Definitely. Private sector employees need to fight harder to ensure their rights, like public sector employees have.
Yes, but in this state without a contract means not many rights. If they can be fired with or without reason (like Best Buy can refuse to take an item back if the feel like it and only has a 15 day window now) which is the law in NC then with no contract you don't have rights to keep a job. Being able to be fired for no reason doesn't preserve much rights wise.

Which rights are you wanting defended?
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Old 05-10-2013, 07:39 AM
 
564 posts, read 751,497 times
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Quote:
Originally Posted by GCharlotte View Post
It's in the U.S. Constitution. Google it.

As I said, it should be the same for both private and public.
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Old 05-10-2013, 07:41 AM
 
564 posts, read 751,497 times
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Quote:
Originally Posted by GCharlotte View Post
Public employees without a contract are guaranteed due process which is a fundamental right.

What makes you say that there will not be any process?
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Old 05-10-2013, 03:50 PM
 
12,578 posts, read 13,256,462 times
Reputation: 8896
Quote:
Originally Posted by janster100 View Post
First of all, they have not really put out an entire process. Instead, they have started in one area and need to work out more changes.

Read the other article in which it says:

"State Personnel Director Neal Alexander, who worked in human resources at Duke Energy for 40 years before being hired by McCrory, told the committee the administration is interested in reworking the entire law over time. The changes in Wednesday's bill, he said, "really addresses our most critical needs that we have at this time."

So what do the democrats say? Here is what is says:

"Some Democrats on the committee who voted against the bill said the changes were happening too quickly and shouldn't be rushed."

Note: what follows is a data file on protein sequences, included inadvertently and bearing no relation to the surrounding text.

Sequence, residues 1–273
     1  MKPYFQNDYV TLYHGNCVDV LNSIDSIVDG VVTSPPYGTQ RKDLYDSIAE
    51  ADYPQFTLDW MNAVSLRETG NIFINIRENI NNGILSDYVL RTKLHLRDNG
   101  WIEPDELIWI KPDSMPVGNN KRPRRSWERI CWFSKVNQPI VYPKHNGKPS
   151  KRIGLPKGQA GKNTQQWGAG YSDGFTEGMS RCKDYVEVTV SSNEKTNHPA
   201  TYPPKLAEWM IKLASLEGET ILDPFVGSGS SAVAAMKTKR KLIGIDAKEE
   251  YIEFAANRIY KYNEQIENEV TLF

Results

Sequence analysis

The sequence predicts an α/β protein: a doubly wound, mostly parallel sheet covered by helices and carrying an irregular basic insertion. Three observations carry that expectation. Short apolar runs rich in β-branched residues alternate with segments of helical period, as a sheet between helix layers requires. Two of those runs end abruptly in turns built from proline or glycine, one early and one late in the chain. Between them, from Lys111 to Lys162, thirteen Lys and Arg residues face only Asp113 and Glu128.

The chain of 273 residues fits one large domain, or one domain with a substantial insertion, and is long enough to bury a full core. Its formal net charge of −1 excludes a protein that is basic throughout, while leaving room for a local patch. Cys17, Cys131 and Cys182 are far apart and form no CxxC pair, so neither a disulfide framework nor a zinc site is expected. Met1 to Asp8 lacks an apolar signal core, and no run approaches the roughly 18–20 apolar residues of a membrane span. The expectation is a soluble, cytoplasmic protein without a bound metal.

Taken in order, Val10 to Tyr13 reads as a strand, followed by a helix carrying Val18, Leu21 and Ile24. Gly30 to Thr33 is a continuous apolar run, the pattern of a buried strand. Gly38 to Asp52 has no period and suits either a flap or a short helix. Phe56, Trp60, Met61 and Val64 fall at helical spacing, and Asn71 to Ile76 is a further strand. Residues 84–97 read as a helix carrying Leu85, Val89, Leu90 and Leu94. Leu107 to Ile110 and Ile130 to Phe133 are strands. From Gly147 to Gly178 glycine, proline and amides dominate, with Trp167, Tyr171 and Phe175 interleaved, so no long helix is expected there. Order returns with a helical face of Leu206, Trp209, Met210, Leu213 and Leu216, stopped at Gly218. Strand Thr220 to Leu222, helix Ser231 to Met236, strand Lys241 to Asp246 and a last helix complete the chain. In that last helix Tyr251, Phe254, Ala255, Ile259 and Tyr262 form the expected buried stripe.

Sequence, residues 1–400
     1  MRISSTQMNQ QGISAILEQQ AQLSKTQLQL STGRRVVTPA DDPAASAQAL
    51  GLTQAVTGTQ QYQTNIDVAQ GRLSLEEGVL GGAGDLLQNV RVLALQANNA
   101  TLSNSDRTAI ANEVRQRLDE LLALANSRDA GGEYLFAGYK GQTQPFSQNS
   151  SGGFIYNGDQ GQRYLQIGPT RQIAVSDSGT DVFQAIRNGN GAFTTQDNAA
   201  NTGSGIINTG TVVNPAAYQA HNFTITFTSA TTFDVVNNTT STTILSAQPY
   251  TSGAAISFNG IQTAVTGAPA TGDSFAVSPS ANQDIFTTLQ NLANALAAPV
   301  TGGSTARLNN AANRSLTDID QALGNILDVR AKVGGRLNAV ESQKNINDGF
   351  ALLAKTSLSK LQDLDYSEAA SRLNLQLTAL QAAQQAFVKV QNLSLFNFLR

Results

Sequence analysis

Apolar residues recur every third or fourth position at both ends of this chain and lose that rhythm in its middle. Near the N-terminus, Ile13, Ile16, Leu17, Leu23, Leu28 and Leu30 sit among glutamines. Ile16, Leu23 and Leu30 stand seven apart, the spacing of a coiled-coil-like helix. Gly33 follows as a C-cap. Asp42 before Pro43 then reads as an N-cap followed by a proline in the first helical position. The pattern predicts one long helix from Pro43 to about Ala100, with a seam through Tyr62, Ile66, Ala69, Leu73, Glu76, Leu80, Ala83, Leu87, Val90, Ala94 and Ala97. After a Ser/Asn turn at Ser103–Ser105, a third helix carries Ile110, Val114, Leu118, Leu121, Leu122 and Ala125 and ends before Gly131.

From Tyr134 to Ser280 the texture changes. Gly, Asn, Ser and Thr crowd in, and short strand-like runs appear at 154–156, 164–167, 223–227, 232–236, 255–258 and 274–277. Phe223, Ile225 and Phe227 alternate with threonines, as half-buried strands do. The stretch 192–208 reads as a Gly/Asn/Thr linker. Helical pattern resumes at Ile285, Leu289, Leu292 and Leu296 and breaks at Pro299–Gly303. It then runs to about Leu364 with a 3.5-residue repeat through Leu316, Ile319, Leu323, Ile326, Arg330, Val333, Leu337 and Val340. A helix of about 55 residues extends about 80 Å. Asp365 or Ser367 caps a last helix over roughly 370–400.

Yet read all the silly comments in this thread that are not even mentioned in either article. Merely, just making a bunch of assumptions with no real knowledge or proof.

As to your comment about "top notch service", yet it has been done effectively in the private industry. To say otherwise, demonstrates that you have not had broad exposure to a large set of well run companies. Here in the Raleigh area, you can look at companies such as SAS, IBM, Lenovo, Cisco, Glaxo, etc. All great examples of well run organizations with good employee policies in place. Post up on the Raleigh boards and ask people from those companies and you will get responses. As for states, many run very effective systems, such as North Dakota, Vermont, Minnesota, Iowa, Utah and our neighbors in Virginia. Each of these states continue to show up on the best run states.
You're right, I haven't worked or been exposed to well run companies which, proves my point and counters yours.
It also doesn't change the fact of, on a personel level, even in the best run companies, there are good employees who get pushed out due to work place politics and poor performers who get by for the same reason. To think a company of 10,000 employees, all of them being top notch, is pretty delusional. My wife's former employer I would consider a good employer and they had issues with poor performers that wouldn't go away.
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Old 05-10-2013, 07:10 PM
 
564 posts, read 751,497 times
Reputation: 683
Quote:
Originally Posted by WFW&P View Post
You're right, I haven't worked or been exposed to well run companies which, proves my point and counters yours.
No it doesn't. All it proves is that you haven't worked for good companies, nor have you been exposed to good companies.
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Old 05-10-2013, 07:13 PM
 
564 posts, read 751,497 times
Reputation: 683
Quote:
Originally Posted by WFW&P View Post
My wife's former employer I would consider a good employer and they had issues with poor performers that wouldn't go away.
Your example works against those on this thread that are fearful of people losing their jobs.